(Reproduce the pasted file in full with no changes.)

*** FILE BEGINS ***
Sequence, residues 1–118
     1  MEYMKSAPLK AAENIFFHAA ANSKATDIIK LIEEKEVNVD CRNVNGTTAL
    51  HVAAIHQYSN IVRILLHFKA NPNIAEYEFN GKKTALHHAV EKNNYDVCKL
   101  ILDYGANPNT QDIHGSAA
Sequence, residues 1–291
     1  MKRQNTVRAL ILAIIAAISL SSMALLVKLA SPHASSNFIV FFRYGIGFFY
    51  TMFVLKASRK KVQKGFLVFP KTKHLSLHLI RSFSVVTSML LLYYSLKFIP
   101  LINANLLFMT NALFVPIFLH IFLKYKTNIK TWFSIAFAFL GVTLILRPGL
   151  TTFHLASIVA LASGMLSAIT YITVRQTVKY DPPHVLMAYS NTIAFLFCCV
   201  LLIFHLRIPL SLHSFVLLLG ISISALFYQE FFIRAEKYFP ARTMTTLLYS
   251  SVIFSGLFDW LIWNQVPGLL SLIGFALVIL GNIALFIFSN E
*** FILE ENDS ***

Sequence, residues 1–118
     1  MEYMKSAPLK AAENIFFHAA ANSKATDIIK LIEEKEVNVD CRNVNGTTAL
    51  HVAAIHQYSN IVRILLHFKA NPNIAEYEFN GKKTALHHAV EKNNYDVCKL
   101  ILDYGANPNT QDIHGSAA
Sequence, residues 1–291
     1  MKRQNTVRAL ILAIIAAISL SSMALLVKLA SPHASSNFIV FFRYGIGFFY
    51  TMFVLKASRK KVQKGFLVFP KTKHLSLHLI RSFSVVTSML LLYYSLKFIP
   101  LINANLLFMT NALFVPIFLH IFLKYKTNIK TWFSIAFAFL GVTLILRPGL
   151  TTFHLASIVA LASGMLSAIT YITVRQTVKY DPPHVLMAYS NTIAFLFCCV
   201  LLIFHLRIPL SLHSFVLLLG ISISALFYQE FFIRAEKYFP ARTMTTLLYS
   251  SVIFSGLFDW LIWNQVPGLL SLIGFALVIL GNIALFIFSN E